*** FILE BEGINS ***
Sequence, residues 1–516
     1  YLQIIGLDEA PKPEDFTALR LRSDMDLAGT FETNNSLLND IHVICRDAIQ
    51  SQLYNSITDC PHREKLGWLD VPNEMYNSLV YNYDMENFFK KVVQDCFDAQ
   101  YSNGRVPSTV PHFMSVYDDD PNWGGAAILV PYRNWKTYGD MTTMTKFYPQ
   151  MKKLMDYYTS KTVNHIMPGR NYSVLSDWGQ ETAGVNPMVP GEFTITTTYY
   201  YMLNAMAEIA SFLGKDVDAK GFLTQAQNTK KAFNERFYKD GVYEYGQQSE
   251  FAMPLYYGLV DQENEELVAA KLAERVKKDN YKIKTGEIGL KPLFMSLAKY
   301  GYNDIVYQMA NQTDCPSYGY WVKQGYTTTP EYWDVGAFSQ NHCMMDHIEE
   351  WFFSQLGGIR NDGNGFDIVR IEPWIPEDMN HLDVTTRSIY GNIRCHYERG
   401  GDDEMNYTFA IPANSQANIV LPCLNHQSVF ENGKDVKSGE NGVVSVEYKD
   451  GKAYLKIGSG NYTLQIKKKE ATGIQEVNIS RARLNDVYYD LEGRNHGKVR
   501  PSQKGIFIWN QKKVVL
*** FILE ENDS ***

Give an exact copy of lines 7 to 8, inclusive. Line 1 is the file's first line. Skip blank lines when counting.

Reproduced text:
   251  FAMPLYYGLV DQENEELVAA KLAERVKKDN YKIKTGEIGL KPLFMSLAKY
   301  GYNDIVYQMA NQTDCPSYGY WVKQGYTTTP EYWDVGAFSQ NHCMMDHIEE